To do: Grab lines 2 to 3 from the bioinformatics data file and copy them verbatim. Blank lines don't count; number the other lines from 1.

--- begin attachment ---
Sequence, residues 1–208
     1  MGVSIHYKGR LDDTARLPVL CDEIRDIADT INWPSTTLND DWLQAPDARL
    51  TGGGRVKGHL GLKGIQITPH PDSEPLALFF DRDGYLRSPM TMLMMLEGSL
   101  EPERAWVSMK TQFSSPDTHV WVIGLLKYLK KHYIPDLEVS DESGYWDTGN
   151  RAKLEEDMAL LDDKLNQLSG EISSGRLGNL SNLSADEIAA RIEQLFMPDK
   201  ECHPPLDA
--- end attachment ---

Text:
     1  MGVSIHYKGR LDDTARLPVL CDEIRDIADT INWPSTTLND DWLQAPDARL
    51  TGGGRVKGHL GLKGIQITPH PDSEPLALFF DRDGYLRSPM TMLMMLEGSL